The log contains all kinds of information on the process execution: number of rows that entered a step, the errors that occurred, the time it took to run the task and much, much more. The log view is a very valuable source for troubleshooting and debugging the transformation.

If you're happy with the preview, you can then run the transformation for real. This action too is available from the menu, the toolbar and the log view.

Results

Now, let's take a look at the results. Here's the content of the spoon_hello_world_pass.txt file:

Field1;Field2
Hello; World...

This the content of the spoon_hello_world_fail.txt file:

Field1;Field2
Welcome to Spoon!;

This suggests the transformation works fine. The split rows step nicely separated the records that had comma separated values from the records that didn't.

Final thoughts

There are so much things I would like to write still about Pentaho and Kettle and I will most certainly do that in forthcoming blog entries. Just read on and see what you can expect in the remainder of this month and next month.

Realistic use case

The example show here is of course very easy and does not approach the complexity of a real world application. However, it did touch on a few of the fundamental concepts behind spoon, and served well to that purpose. I will be providing and explaining a more detailed transformation shortly.

What about Chef?

Although Spoon transformations are an important part, Kettle entails more than just that. We haven't discussed Chef and jobs at all, and I'll write something soon about that.

Using the repository

Although I mentioned the repository, we didnt actually use one. I will most certainly explain this feature in greater detail soon.

JDBC configuration

KETTLE comes with database support in the form of a lot of drivers. Sometimes you want to upgrade a particular driver. Easy, if you know how...

(Pentaho) deployment

Here, we used Kettle rather as a standalone tool: we never deployed the transformation. It would be nice to see how ETL hooks in with the workflow engine

Tuesday, June 06, 2006

To equals or not to equals

That's just funny...
I just had a discussion with Beat, Giuseppe and Markus about the most preferable to write assignments in MySQL.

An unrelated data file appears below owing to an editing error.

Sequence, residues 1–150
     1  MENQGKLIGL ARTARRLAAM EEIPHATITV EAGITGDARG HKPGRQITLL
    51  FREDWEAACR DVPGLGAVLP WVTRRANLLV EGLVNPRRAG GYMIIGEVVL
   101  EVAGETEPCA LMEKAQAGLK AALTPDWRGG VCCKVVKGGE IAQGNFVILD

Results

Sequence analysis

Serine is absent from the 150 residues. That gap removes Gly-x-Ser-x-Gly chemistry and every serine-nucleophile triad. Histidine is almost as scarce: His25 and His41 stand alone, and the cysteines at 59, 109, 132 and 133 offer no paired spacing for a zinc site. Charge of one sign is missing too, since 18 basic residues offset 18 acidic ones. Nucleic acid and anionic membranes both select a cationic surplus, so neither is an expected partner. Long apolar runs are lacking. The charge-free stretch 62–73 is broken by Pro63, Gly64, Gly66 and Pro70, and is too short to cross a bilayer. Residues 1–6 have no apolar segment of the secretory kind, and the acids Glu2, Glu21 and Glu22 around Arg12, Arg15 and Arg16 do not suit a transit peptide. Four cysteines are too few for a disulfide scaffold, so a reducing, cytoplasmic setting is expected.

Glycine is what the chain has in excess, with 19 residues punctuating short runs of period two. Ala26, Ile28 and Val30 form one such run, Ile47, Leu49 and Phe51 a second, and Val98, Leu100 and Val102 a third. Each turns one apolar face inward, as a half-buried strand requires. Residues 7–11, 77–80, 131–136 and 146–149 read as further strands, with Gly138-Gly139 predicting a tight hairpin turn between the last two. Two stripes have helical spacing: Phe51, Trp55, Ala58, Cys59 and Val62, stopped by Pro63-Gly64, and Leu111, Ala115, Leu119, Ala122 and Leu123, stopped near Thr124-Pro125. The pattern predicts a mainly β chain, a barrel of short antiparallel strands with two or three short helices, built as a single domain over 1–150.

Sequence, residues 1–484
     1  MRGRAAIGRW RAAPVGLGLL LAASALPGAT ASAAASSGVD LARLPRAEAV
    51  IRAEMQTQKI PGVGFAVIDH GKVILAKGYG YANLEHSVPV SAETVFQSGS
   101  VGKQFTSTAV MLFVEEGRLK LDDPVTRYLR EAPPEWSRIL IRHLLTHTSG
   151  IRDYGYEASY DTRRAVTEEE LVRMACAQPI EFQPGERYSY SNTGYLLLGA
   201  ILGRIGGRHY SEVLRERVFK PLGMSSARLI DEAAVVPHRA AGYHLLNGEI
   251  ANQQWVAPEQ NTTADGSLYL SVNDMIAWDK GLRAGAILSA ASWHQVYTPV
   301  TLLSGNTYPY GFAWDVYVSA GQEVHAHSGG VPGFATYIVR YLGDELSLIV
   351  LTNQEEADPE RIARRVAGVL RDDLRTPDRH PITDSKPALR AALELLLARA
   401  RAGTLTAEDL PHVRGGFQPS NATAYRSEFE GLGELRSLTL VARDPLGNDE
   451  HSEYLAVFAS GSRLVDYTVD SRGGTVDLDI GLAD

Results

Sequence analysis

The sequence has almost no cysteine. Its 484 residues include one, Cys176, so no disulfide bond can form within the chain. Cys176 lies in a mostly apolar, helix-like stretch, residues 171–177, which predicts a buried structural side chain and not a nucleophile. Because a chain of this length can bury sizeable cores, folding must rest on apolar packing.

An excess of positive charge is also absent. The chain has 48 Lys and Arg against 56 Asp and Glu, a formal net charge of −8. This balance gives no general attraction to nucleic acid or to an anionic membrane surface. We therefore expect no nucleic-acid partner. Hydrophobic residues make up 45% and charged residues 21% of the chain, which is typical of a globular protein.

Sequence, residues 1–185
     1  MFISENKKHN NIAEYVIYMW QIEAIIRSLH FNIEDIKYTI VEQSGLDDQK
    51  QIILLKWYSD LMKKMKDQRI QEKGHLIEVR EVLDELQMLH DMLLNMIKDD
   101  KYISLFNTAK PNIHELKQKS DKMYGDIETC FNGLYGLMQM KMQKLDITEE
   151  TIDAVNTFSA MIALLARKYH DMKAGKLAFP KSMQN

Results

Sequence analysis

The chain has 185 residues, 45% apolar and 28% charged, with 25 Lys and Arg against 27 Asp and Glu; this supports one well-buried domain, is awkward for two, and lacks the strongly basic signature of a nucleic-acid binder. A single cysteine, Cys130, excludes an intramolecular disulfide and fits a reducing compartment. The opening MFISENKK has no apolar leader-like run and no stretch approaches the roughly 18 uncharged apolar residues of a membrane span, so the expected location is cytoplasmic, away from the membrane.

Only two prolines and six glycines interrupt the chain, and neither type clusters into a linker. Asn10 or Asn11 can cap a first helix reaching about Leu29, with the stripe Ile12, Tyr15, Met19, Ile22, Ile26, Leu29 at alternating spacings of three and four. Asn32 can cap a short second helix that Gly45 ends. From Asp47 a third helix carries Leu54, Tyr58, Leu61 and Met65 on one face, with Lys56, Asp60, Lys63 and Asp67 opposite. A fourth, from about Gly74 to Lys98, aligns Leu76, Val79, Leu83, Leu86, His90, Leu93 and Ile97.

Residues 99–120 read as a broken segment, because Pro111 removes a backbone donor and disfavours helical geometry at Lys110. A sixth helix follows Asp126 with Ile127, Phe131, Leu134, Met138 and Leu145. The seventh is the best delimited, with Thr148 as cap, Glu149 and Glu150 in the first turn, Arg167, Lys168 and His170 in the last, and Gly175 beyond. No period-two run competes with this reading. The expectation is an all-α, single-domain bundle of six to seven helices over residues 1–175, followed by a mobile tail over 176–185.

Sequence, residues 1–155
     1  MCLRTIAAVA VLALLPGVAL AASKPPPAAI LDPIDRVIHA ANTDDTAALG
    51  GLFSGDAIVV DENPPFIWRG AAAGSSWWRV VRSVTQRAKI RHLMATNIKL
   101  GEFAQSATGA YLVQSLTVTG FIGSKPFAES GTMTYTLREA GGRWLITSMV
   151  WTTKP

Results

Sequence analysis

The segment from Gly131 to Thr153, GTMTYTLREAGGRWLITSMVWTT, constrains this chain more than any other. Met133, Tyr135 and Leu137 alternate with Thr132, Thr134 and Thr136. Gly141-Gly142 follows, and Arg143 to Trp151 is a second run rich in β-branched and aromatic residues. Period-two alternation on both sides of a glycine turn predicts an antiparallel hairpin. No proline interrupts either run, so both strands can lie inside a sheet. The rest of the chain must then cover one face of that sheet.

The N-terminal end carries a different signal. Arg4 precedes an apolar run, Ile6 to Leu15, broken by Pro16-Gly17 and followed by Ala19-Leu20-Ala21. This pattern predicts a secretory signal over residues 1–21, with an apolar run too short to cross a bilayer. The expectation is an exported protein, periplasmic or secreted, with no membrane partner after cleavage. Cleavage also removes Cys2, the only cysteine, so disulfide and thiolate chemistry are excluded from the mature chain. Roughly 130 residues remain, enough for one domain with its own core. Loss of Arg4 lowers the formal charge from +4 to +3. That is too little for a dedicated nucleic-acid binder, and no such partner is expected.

MySQL has a couple of ways to write an assignment:


inside the SET clause of an UPDATE statement to assign values to database columns

UPDATE sakila.film SET original_language_id := 1

inside a SET statement in to assign values to user defined variables or (in a stored routine context) local variables, parameters and trigger NEW.% values.

SET v_done := TRUE;

inside the SELECT list, where you can assign expressions to user-defined variables.

SELECT @a := col1 FROM table1

using a SELECT..INTO statement.

SELECT col1 INTO @a FROM table1



Our discussion mainly dealt with the issue of the assignment operator: should one write :=, or rather =?

Now, for the SELECT @a := col1 FROM table1 case, it's simple and clear cut: this is MySQL proprietary syntax, and writing SELECT @a = col1 FROM table1 simply is a different thing here: = means comparison, := means assignment.

Given that, it seems quite natural to always use := for assignment, and = for comparison right? It would make me happy, as I'm quite used to this distinction in Oracle PL/SQL. The only thing that bothered me a little bit is: should I use := for the SET clause in ordinary UPDATE statements too? That would certainly be different in orcle?

(As it seems, := is allowed in MySQL, even in UPDATE...SET statements)

Anyway, as it turns out, this is what the SQL standard (ISO/IEC 9075-4:2003, 13.5, assignment statement) sais:


[singleton variable assignment] ::=
SET [assignment target] [equals operator] [assignment source]


Which I happen to find funny! So, yeah right, assignment uses the [equals operator]....LOL!